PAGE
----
She taught dancing to the common folk, and grew to be a garrulous old woman among them, known for accosting strangers in the square and plying them with more spicy tea than their bladders can comfortably hold.

And this is where the tea imagery really starts to pay off, because it’s what we’re given as our first solid clue about the identity of the narrator.  This is the first place where the story begins to acknowledge that the Lam of the nested tale and the Mal of the frame story (see what she did there?) are the same person.  The tea doesn’t just navigate is through the weak places in the narrative where the frame interrupts, but it ties them together for the reader.

I’ll leave digging into the celestial imagery as an exercise to the reader.  Feel free to share your results!

Next week: Is my sister’s birthday.  I’m going to be out of town and take the week off.

After that: A Buyer’s Guide to Maps of Antarctica by Catherynne M. Valente

Followed by: Ghosts of New York by Jennifer Pelland.

Women Destroy Science Fiction

I already mentioned this once, but I think it merits a second mention.  The Kickstarter for Women Destroy SF is in its final legs.  There are five days left, and they’re close enough to hitting their final stretch goal that there’s a decent chance of reaching it.  I’d like to see Fantasy destroyed, so I’m going to urge you to take a look at their shiny reward tiers and pick one.

In case you aren’t convinced that I’m sincere, I gave them an essay.  That’s right – they got writing for free from me.  You do know how I feel about giving away work, don’t you?  Yeah, I’m serious about this being a cool project.  The other essays they’ve put up have been interesting, too.

CC: Paper Menagerie

(Quick Note: I’m moving CC to Thursdays.  Wednesdays just aren’t working out for me)

Ken Liu is awesome across the board, but he really knocked it out of the park with Paper Menagerie.  It was the first story to win the Hugo, Nebula and World Fantasy award.  It’s kind of brilliant.

This isn’t remotely the first story about a kid recognizing the value of their heritage too late.  Versions of this story are all over the place, and they usually suck.  It’s a subject so inherently prone to cheese and ham-fisted emotional manipulation that it’s very easy to do it poorly.  Liu doesn’t, though, and it’s because he writes stories the way I like to sell things: he makes the reader do the work.

If you boil this story down to its rough essence it is this:

1) Boy has connection with mom

2) Boy develops values incompatible with connection

3) Boy breaks mom’s heart

4) Boy gets upset when he realizes he’s an unforgivable asshole

Do you know what isn’t a natural human inclination?  Feeling sorry for an asshole who gets what he deserves.  Do you know what people do when this particular asshole gets what’s coming to him?  They cry, and then give Ken Liu all the awards ever.  And it’s their own fault, too, because Liu doesn’t believe in telling his readers how to feel.  He just distracts them until they trip into having their hearts cut open.

We talked about the vanishing element of humor in Brief Candles and how that was used to lead the reader into the investment needed to pull of the ending.  The psychology at work here is similar, except we never get a laugh.  The entire first scene is sweet, delicate, and there to show the readers the special, unique bond the boy and his mom have.  Dad can’t make him stop crying, but Mom can, with this special trick.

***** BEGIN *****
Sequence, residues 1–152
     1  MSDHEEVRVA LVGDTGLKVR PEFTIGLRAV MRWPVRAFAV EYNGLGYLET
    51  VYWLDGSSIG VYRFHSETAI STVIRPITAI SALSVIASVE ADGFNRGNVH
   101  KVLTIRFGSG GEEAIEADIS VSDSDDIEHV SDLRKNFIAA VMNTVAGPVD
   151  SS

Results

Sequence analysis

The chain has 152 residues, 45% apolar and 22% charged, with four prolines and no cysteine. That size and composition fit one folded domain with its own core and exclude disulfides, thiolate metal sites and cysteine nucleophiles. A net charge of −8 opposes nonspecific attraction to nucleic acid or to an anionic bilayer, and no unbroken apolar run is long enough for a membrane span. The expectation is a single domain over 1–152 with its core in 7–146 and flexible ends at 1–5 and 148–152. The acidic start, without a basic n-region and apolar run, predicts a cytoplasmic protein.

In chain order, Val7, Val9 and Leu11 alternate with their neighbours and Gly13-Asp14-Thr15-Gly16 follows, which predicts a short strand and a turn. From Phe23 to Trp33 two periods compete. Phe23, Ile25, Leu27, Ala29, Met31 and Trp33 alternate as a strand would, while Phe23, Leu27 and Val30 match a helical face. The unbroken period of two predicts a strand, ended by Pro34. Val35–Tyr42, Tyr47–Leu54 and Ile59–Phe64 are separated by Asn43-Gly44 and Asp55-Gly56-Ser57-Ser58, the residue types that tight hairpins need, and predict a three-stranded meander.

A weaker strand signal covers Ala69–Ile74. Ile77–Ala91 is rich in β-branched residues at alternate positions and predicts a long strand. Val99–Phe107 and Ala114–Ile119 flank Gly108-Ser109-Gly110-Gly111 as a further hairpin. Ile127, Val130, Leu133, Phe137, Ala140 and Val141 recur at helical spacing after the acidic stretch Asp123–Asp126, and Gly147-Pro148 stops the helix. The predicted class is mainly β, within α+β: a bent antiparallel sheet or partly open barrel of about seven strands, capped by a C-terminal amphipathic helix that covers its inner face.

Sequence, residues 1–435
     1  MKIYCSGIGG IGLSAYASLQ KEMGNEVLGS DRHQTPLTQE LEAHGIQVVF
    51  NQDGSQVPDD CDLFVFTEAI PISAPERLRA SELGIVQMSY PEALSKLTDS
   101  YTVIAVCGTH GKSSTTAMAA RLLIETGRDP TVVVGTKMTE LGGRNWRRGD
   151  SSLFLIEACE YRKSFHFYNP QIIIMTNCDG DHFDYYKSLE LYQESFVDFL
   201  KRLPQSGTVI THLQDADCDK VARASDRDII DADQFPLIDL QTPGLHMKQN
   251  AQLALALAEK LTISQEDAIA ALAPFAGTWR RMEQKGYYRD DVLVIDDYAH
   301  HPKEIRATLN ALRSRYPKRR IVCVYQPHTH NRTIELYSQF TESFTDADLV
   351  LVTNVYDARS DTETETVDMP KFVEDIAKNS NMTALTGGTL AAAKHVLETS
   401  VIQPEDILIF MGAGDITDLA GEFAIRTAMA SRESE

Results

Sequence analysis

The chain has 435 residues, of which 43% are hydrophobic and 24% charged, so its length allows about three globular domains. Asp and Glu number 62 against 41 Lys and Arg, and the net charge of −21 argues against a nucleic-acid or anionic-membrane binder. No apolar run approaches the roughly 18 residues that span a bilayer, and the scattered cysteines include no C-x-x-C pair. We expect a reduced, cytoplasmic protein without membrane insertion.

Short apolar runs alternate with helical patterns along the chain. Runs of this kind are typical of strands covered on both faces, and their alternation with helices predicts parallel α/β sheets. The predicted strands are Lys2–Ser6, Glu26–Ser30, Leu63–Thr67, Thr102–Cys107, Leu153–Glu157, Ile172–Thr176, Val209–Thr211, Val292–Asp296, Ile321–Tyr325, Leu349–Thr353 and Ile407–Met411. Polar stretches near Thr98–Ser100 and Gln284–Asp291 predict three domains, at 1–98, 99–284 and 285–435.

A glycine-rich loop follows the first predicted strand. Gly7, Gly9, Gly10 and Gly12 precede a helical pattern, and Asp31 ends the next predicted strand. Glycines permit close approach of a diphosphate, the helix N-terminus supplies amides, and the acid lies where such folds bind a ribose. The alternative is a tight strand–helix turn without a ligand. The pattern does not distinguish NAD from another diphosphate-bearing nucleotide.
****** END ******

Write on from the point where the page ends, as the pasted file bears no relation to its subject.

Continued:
Zhejiao zhezhi,” Mom said. This is called origami.

I didn’t know this at the time, but Mom’s kind was special. She breathed into them so that they shared her breath, and thus moved with her life. This was her magic.

There’s no flim-flammery here, nothing flashy or grabby.  Everthing is matter-of-fact and straightforward.  The sentences are sparse, proof-like to the point of “and thus.”  We trust the narrator to be straight with us because there’s no sign he’s planning to do anything else, and we accept that his mother can make animated paper creatures because of course she can.  This is the narrative voice of fables and magical realism and Realtors who will soothe you right into buying a house.

This scene also gives us the grounding we need for the culture clash that becomes so important later.  Liu doesn’t rush us, though.  We get a sweet story about how Mom and Dad met.  Nevermind that it’s rather creepy and says unpleasant things about dad – the story will bring us to that later – right now what we’re seeing is a delightful little love-at-first sight vignette.  Now the reader has the facts, and since it’s done after we got whimsical paper animals we’re rolling right along with it.  If you got to the end of that section without going, “Ugh, mail order bride, squick!” then you’ve already fallen for the trap.  We’re only at the end of the second section and you, dear reader, are toast.

Liu’s ambitious, though.  So we get a longer scene telling us more about the animals, building our relationship with them, getting us really invested especially in Laohu and the shark.  Note that not once in this section do we see a direct interaction between the narrator and his mom.  She’s there, but as a background figure.  The closest we come is when he asks her for the shark, a thing we’re told in half a sentence that moves on, not one of the moments actively illustrated for us.  Mom’s there, we aren’t going to forget her, but all of our bonding is with the Menagerie.